The shortage of qualified workers in the booming tourism sector must be addressed immediately, industry stakeholders said on Tuesday.
During a brainstorming session at the House commerce committee, hoteliers proposed the government relax regulations governing the hiring of foreign college students for the upcoming summer season.
Under current regulations, foreign students are permitted to work in the tourism sector only during the summer season and provided that their studies are related to the field in question.
Hoteliers propose that these students be allowed to work in hotels throughout the year irrespective of their field of study.
This would require a decree to be issued by the minister of labour.
Labour unions oppose the idea, although it’s understood this issue does not fall under the collective agreements rubric.
Officially, the summer season covers the period from April 1 to October 31.
MPs heard that some 7,500 individuals (Cypriot nationals) are currently designated as unemployed on government lists (in the tourism sector).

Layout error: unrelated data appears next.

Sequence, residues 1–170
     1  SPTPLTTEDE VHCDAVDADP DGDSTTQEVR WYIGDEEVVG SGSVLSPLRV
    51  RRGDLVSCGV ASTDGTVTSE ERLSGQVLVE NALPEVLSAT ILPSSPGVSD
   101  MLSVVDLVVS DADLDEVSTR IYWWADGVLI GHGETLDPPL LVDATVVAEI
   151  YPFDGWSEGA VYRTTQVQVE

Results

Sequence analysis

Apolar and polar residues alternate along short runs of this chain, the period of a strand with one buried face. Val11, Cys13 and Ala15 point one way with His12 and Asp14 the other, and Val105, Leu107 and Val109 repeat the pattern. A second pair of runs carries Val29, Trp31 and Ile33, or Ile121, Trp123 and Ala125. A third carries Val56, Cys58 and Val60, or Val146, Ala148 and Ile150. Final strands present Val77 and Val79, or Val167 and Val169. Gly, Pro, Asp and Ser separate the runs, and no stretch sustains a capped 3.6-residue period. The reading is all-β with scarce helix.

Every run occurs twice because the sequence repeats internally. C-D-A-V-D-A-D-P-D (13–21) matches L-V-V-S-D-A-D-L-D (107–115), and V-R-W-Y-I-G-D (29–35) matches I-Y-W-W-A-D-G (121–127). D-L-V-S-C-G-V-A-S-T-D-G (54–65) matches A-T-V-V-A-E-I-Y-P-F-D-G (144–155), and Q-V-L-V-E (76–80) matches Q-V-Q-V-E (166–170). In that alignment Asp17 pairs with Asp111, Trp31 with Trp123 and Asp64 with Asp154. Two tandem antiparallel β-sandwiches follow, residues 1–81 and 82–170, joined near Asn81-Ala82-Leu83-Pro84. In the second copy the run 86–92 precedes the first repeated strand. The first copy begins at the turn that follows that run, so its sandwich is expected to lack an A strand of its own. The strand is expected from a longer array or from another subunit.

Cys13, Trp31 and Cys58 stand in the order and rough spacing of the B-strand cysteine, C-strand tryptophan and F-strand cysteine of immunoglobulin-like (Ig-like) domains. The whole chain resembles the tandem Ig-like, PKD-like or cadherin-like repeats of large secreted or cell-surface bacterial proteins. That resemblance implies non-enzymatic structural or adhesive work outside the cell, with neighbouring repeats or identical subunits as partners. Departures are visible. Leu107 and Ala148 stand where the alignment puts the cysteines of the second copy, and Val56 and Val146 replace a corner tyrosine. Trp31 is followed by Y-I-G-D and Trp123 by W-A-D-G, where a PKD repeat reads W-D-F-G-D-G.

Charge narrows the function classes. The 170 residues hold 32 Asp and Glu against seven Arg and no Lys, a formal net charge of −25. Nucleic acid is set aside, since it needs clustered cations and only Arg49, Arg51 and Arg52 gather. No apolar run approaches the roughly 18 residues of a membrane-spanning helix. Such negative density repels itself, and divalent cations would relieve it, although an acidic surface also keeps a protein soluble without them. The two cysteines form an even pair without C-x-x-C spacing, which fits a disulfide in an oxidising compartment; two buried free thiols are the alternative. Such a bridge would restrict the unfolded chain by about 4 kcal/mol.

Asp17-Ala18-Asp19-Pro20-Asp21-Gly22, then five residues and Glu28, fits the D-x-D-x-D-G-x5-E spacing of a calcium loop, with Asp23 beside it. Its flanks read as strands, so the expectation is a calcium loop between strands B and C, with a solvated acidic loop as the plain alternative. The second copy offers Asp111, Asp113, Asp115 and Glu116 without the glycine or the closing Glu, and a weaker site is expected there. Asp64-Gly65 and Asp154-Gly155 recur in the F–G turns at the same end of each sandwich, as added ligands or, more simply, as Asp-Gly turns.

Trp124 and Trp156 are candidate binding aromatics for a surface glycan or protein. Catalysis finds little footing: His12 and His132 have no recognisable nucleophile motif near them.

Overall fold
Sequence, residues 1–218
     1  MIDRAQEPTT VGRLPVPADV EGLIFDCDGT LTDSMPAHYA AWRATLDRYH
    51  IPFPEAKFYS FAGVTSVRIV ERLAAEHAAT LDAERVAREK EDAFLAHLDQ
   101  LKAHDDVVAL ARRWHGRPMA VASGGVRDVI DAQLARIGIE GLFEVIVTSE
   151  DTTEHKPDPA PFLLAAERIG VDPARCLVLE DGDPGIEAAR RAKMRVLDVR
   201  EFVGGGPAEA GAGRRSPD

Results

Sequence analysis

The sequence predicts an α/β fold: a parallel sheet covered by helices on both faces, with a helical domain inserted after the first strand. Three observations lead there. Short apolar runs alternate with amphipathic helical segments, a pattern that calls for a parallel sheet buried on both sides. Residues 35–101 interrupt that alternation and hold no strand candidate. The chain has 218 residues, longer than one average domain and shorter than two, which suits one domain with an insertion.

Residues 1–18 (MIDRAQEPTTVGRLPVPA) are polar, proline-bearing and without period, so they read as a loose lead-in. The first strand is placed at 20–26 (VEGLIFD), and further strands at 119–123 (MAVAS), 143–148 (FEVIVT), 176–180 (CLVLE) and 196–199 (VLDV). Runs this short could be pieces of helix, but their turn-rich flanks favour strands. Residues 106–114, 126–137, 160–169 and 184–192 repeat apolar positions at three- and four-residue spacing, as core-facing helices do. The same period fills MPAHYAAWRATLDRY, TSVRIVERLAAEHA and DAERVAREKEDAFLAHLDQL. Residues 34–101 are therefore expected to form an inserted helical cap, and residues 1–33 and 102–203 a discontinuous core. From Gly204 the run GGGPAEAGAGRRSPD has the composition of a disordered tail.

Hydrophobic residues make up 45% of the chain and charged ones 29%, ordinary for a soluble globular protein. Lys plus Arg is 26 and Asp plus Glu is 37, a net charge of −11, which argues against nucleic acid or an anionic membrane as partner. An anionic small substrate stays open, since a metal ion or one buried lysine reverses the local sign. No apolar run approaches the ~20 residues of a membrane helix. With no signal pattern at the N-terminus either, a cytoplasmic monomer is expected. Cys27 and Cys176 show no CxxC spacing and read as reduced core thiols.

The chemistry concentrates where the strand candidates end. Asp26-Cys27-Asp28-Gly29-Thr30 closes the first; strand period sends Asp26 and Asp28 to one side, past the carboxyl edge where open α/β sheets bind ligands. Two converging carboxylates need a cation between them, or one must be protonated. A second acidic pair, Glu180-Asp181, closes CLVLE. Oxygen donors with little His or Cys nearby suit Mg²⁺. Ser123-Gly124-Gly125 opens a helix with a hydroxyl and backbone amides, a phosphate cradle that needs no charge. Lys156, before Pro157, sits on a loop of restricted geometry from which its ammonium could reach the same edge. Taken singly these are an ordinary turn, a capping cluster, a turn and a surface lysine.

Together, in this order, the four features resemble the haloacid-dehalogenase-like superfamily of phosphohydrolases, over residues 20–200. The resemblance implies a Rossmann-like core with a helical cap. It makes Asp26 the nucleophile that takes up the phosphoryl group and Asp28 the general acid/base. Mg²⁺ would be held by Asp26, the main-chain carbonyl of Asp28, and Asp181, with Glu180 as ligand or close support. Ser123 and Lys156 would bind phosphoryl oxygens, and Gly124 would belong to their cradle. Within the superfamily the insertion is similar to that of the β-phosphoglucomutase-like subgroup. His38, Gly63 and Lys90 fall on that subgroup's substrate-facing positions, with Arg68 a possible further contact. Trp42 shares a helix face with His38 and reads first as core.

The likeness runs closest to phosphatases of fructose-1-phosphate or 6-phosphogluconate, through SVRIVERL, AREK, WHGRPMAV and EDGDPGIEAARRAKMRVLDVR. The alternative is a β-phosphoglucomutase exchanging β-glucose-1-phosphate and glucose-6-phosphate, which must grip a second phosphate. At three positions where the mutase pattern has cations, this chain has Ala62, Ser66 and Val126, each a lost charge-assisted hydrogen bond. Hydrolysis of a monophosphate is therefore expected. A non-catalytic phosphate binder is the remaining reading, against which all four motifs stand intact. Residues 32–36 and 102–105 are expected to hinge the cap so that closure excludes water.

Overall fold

The labour ministry promised to go through the lists and determine which of these people might be willing to return to work.
Director general of the hoteliers association (Pasyxe) Zacharias Ioannides explained it is highly likely the vast majority of the people now listed as being out of work would return to the industry during the coming summer season.
“We are talking about people who were dismissed at the end of the last summer season, and have since been listed as unemployed, but who are likely to now come back to work for their previous employer,” he told the Cyprus Mail.
But that still leaves a shortage of approximately 1,000 to 1,500 people to occupy secondary and supporting jobs in the business – such as cleaning and kitchen duties, and commis waiters (lower-ranking waiters).
Cypriots tend to eschew such jobs, because they involve working late hours and because business peaks during the local holidays (mid-August) when most prefer to rest, said Ioannides.
He added that the growth of the sector over the last three years has put a strain on hoteliers.
In terms of tourist arrivals, during this period the industry has expanded by around 50 per cent.
The boom has seen a number of new hotel units going up, as well as renovations and expansions to existing hotels.
Stakeholders stressed the urgency of addressing the issue, given that the 2018 summer season is less than two weeks away.
Disy MP Andreas Kyprianou said the problem highlighted the need to expedite passage of legislation creating a dedicated sub-ministry for tourism.
Officials are expecting yet another bumper year after 2017, when a new record was set with 3.6 million tourists.